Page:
It does feel really strange, I finished school on a Friday, on the Thursday I started work at my new job. It was such a quick turnaround, I didn’t even have a holiday or a break. I can’t believe that it’s been a year, it feels like only a few months ago.

By way of reflection I thought I’d give you a run down of some of my best and worst moments:


  • The first time I ID’d someone they got really angry and shouted at me, I think I cried inside for about a week…
  • Got caught in a rainstorm and soaked to the skin in my uniform- even my shoes were full of water. I then had to work in the chill aisle for four hours. Yes, I did get sick.
  • Being stupid and going to work with a fever- almost passed out every time I had to lift something/bend over/be nice.
  • Spending four hours on tills after I’d just ended things with the guy I was seeing. I’m talking ten minutes before the start of my shift… ouch!
  • Having a customer call me stupid. F*cking Twat.
  • The time someone tried to scam us. I had a tug of war with them, we were fighting over £200 worth of notes. (This is also a triumphant kind of moment for me as I worked out what they were doing and didn’t fall into their trap- however it was late, dark and it was only me and one other guy on the shop floor.)
  • Having to calm down a homeless addict who was threatening to attack me because we didn’t stock his tobacco.
  • The Letch. An affectionate nickname that I’ve given to the married man who comes in, occasionally with his kids, and behaves in a very unnerving manner towards me. I can’t actually fault what he says or does, there’s just something about him that makes my skin crawl- actually, maybe it’s the low tone of voice, the leaning in and the frequent winks… urgh.
  • When we/a customer collectively managed to smash five bottles of red wine in the same aisle within a two hour time period.


  • Friendly customers; I have numerous people who come in regularly and ask me about my life and how I am, they really brighten up my day!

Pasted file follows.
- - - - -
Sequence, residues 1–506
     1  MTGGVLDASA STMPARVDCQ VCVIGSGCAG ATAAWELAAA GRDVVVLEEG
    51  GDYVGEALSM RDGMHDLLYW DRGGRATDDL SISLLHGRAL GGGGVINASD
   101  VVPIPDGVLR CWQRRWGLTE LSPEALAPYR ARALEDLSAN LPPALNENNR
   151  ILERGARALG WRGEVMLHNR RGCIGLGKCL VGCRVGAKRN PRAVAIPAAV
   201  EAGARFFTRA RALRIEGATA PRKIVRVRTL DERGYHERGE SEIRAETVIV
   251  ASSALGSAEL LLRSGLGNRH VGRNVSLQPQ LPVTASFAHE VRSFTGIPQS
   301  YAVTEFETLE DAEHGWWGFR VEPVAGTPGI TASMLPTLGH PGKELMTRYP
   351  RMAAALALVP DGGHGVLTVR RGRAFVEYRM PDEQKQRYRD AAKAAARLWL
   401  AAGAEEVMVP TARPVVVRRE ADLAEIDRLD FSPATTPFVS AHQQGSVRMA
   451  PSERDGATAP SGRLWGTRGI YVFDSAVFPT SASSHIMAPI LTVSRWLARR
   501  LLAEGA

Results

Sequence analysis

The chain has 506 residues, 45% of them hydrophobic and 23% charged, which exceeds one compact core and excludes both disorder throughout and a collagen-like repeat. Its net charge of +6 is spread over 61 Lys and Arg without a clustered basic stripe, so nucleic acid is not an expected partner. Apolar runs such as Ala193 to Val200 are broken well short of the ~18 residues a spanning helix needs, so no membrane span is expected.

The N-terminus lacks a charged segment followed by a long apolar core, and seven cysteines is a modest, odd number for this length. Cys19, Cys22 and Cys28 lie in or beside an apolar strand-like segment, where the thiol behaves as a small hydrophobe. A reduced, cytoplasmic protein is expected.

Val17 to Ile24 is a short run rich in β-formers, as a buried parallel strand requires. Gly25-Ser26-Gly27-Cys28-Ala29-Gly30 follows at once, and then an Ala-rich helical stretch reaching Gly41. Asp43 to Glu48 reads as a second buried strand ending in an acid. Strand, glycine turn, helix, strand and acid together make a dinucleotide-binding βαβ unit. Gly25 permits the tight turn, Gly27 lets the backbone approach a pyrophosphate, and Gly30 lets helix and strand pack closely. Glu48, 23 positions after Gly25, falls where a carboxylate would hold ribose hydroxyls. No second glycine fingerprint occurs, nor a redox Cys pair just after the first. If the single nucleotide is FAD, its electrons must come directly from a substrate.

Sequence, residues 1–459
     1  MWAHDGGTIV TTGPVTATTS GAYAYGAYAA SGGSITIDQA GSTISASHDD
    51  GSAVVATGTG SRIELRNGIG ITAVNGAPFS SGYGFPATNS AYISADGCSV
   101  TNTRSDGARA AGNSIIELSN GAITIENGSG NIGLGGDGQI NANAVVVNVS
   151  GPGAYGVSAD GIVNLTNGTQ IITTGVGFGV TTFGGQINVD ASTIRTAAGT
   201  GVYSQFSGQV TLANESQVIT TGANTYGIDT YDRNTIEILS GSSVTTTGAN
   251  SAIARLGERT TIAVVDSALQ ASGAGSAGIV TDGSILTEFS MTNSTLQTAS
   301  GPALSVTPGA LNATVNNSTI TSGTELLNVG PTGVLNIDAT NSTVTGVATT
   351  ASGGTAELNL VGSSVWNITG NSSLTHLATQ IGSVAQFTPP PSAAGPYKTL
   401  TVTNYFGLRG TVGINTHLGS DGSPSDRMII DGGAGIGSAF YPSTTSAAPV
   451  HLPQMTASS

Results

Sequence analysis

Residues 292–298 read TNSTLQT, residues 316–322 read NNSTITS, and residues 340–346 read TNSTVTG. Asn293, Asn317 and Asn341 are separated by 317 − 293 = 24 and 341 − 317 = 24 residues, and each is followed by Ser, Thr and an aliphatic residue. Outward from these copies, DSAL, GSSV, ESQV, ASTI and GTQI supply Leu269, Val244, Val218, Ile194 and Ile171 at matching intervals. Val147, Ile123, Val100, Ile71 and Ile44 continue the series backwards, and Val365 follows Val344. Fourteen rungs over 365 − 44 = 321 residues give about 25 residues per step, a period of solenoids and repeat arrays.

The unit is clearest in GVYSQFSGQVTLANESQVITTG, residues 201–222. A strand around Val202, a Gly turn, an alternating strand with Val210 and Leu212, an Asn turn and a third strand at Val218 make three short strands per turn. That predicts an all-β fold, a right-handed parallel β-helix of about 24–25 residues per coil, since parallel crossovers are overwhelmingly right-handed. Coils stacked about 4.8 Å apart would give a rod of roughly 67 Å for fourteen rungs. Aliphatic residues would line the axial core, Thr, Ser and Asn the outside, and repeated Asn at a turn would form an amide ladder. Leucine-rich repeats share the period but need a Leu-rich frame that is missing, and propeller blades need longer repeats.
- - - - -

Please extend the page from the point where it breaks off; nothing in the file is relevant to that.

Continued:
•  The time I got to spend half my shift pissing about in the canteen. Yeah… don’t tell my manager about that one.
  • Any time that they let me off the bloody tills.
  • When I got to till train the new guys, I felt all smug and knowledgeable.
  • The amazing xmas party; we went out for a meal at 7pm, I got back into my house at 5am. What happened in between would take half a blog to detail.
  • When they bake too many doughnuts. Mmm…
  • Scoring 100% with the mystery shopper.
  • When I got to spend half my shift facing up the beans. It was incredibly satisfying.
  • And of course; meeting my partner! Every conversation that we had, (and still have) and the time when he finally worked up enough courage to ask me on a date.

’til next time,

Wren x

Being Tidy Isn’t ‘OCD’…

… laughing and crying in the same day doesn’t mean you’re ‘bipolar’ and ‘schizophrenia’ does not mean different personalities; and if you’re going to keep using these terms then I will get pissed off. To your face.

This is one of my pet peeves; okay, so I’m sure by now you’ve realised that I have a shit load of pet peeves, but this a big one. I get really genuinely angry when people start throwing words like these around. It’s not because I think it’s offensive, it’s because it’s just bloody stupid and will make me think that you’re thick.

I think I’ve written about this subject before, probably years and years ago- it doesn’t upset me like is used to, it just kind of pisses me off now, mainly because I thought that people had moved on from this annoying and puerile habit. Sadly it seems that they haven’t.

When we start throwing around terms like ‘OCD’ ‘bipolar’ ‘depressed’ it devalues them, it makes life harder for people who actually live with those conditions, they don’t get the understanding that they need and deserve for having to live with a serious mental health condition, they just get a load of well meaning people telling them that ‘oh, I know what that feels like.’